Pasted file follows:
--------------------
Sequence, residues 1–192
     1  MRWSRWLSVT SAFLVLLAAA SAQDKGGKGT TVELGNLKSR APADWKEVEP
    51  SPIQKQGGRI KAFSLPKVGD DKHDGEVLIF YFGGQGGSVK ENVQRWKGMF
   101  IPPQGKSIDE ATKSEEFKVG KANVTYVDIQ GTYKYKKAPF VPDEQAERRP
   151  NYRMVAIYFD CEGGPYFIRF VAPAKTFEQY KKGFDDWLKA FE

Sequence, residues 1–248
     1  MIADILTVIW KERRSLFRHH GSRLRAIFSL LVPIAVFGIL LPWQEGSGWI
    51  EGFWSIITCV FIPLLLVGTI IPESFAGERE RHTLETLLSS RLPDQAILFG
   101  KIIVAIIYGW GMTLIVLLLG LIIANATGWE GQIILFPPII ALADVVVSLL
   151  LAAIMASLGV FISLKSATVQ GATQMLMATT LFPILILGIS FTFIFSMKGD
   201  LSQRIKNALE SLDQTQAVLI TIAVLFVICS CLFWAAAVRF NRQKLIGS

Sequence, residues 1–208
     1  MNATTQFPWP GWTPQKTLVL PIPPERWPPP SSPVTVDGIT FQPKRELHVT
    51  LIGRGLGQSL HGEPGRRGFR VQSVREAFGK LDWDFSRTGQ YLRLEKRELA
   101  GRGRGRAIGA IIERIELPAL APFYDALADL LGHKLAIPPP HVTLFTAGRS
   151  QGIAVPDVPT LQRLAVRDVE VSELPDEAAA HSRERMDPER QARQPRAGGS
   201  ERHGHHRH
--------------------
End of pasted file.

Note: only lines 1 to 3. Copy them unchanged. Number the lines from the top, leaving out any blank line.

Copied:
Sequence, residues 1–192
     1  MRWSRWLSVT SAFLVLLAAA SAQDKGGKGT TVELGNLKSR APADWKEVEP
    51  SPIQKQGGRI KAFSLPKVGD DKHDGEVLIF YFGGQGGSVK ENVQRWKGMF